On December 30, 1922, the first attacks at Gaskonkiyov were made by the revoljutionists. Numerous soldiers guarding the city were attacked by the revolutionists, the battle in the first district of Gaskoniyov lasting until January 2, 1923, when Vasily Agpayev attacking the city hall of Gaskoniyov and ambushed Gaskoniyov Vice Mayor Susana Gaganovskaya and her seventy-three bodyguards, causing the bodyguards of most officials to resign from their job, some of them even joining the revolutionists.

On January 16, 1923, the second attack at Gaskoniyov were made, as a revolutionist disguised as a guest at the eighteenth birthday party of Mayor Rashid Zabayev's daughter Irina committed suicide bombing, therefore dying along with over a hundred executives, including Mayor Zabayev himself.

On February 19, during another meeting of the Margovyan Triangle, many of the revolutionists already wanted Agpayev to attack the Margovyan Palace directly, however, Agpayev and other triangle officers, seeing that there are still too many Russian forces guarding the Palace, decided to launch another all-out attack at Oliverov, one of the most influential districts of the city. On February 22, a rampage broke, killing over three thousand police officers and over five hundred officials, leaving the Palace the only territory to be attacked by the revolutionists.

Margovya

On March 31, 1923, the flag of the independent Margovya, which symbolizes the sovereignty of the nation, and represents the three nations that contributed to its birth, was raised along with the first singing of the National Anthem and Vasily Agpayev's declaration of independence.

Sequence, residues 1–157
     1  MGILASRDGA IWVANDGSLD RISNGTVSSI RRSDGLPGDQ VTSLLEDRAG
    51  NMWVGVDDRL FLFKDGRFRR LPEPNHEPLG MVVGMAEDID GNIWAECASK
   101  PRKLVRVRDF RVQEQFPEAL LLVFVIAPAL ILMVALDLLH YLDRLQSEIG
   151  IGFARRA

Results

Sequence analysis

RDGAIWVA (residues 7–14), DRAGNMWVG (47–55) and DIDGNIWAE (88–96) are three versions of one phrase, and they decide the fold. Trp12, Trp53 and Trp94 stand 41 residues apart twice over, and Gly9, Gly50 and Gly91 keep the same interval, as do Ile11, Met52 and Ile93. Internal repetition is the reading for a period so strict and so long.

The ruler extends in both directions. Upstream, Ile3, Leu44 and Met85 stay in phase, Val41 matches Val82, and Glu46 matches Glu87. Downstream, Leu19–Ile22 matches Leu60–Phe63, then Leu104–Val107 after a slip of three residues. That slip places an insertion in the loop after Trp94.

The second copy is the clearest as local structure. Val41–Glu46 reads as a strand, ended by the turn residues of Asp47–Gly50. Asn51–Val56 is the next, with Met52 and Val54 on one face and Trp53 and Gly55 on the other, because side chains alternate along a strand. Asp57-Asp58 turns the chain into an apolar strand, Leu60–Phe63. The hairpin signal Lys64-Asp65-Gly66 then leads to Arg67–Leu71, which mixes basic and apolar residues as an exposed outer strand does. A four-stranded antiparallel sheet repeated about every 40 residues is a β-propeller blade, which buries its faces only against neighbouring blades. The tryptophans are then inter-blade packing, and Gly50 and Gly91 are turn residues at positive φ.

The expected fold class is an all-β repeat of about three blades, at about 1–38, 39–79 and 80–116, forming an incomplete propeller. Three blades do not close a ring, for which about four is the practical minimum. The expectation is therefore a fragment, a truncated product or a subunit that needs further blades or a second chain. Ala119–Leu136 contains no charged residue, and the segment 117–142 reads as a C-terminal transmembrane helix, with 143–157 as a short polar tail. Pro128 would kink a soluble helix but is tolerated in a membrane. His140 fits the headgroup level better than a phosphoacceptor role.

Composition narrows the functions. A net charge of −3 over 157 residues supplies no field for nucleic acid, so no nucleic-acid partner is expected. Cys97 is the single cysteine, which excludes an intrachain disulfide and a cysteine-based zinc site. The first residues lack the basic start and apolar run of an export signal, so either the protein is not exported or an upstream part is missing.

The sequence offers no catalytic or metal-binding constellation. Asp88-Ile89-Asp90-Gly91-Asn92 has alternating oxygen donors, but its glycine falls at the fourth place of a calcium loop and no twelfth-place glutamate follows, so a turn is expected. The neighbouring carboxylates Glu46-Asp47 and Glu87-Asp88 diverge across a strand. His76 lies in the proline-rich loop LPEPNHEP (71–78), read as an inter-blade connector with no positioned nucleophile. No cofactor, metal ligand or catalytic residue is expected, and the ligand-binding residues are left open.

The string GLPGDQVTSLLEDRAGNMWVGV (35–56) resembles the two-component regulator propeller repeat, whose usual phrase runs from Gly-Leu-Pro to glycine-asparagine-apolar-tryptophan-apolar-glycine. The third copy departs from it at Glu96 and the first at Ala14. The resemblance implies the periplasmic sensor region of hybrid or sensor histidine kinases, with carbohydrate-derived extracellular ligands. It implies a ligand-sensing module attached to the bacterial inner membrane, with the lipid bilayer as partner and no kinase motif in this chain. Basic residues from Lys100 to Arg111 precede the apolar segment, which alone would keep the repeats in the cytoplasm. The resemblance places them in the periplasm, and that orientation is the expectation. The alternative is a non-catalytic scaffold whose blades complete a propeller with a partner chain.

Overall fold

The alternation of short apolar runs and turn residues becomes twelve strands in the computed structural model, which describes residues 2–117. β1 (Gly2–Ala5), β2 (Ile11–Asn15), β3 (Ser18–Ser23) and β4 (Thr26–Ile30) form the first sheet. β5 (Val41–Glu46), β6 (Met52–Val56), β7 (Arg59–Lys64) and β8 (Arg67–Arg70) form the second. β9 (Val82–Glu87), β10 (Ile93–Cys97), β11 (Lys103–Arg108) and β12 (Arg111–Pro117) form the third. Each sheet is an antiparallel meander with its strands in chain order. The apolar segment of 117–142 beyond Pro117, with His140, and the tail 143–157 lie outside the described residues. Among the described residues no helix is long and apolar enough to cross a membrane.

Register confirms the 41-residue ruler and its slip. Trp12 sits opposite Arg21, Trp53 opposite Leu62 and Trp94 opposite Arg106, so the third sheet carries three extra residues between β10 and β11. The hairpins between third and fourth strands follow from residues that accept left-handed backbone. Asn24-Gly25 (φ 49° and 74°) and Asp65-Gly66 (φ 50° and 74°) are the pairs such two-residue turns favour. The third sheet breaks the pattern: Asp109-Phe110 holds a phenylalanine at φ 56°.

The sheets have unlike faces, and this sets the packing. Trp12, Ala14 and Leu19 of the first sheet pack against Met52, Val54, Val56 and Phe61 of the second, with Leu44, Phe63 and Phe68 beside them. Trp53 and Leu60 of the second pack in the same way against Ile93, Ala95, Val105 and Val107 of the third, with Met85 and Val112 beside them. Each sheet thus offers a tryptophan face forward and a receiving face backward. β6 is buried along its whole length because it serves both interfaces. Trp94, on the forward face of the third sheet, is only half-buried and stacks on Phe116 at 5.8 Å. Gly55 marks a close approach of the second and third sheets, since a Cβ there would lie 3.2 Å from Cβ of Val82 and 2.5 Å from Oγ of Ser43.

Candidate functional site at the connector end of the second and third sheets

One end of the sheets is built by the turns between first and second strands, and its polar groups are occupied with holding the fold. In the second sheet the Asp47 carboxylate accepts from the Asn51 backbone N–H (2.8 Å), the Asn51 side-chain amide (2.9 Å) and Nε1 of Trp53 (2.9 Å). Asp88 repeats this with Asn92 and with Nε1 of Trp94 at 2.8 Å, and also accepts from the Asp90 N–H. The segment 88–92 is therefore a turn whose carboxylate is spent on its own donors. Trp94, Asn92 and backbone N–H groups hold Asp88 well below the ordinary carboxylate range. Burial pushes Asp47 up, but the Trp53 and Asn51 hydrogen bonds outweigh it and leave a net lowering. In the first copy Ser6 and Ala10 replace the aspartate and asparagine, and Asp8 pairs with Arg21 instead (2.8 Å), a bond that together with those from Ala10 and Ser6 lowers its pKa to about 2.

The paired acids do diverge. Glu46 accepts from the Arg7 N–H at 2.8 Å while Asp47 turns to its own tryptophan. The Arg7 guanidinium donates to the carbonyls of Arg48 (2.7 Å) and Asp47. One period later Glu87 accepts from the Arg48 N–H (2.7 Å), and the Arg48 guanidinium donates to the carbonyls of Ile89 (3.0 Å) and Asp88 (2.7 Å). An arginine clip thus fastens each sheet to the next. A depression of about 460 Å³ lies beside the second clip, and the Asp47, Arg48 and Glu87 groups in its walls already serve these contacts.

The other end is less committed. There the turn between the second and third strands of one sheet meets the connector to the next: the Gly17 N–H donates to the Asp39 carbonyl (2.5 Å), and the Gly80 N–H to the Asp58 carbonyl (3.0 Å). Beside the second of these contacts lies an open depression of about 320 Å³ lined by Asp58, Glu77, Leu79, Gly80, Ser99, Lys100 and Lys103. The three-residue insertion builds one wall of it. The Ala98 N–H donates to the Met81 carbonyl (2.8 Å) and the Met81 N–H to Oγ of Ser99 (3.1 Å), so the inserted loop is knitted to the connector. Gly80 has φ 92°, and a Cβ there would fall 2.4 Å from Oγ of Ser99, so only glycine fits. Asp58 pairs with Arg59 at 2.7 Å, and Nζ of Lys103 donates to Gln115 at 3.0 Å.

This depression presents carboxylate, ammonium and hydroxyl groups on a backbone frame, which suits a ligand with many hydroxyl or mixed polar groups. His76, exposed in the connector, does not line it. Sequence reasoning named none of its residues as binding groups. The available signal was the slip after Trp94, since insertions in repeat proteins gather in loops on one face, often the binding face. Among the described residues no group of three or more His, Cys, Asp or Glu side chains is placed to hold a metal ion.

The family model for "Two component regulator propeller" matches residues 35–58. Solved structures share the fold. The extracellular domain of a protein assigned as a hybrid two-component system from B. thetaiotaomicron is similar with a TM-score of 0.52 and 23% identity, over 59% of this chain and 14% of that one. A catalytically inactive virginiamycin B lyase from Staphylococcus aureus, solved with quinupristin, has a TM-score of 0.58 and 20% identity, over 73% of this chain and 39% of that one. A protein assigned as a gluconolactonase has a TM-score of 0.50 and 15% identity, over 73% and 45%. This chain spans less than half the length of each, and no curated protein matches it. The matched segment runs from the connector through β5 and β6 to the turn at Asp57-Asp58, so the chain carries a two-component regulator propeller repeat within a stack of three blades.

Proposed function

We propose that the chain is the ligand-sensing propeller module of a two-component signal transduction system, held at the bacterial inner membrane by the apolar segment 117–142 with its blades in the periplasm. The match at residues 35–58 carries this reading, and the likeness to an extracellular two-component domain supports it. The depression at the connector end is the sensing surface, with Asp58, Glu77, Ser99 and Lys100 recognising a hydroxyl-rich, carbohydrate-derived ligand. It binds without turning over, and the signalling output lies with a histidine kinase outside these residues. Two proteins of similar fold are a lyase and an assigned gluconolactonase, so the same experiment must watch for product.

Independence and End of the RevolutionEdit

"Por lo tanto, por el poder que me, me, Vasily Marianovich Agpayev, declarar la nación y Patronato de Margovya independiente y libre de las manos del gobierno ruso. Ahora declaro Margovya una República!"
(Therefore, by the power vested in me, I, Vasily Marianovich Agpayev, declare the nation and govenment of Margovya independent and free from the hands of the Russian Government. I now declare Margovya a Republic!)
- Vasily Agpayev on the independence of Margovya, March 31, 1923

On March 15, 1923, all revolutionists all over Margovya, plus mafia groups from different provinces and reinforcements sent by Brazil, Colombia, Bolivia, Argentina, Mexico and US, gathered to finally plan the attack to be launched in the Margovyan Palace, with Agpayev declaring that they are days away from gaining full independence from the Russian Imperialism.

On March 26, they all gathered around the Margovyan Palace, where the Russian forces have been preparing for the big battle. For five days, the battle lasted until finally, on March 31, 1923, the flag of the independent Margovya was raised in Gaskoniyov, and the Margovyan National Anthem was sang by millions of Margovyan citizens, with Vasily Agpayev officially declaring the independence and sovereignty of the Republic of Margovya from the Republic of Russia.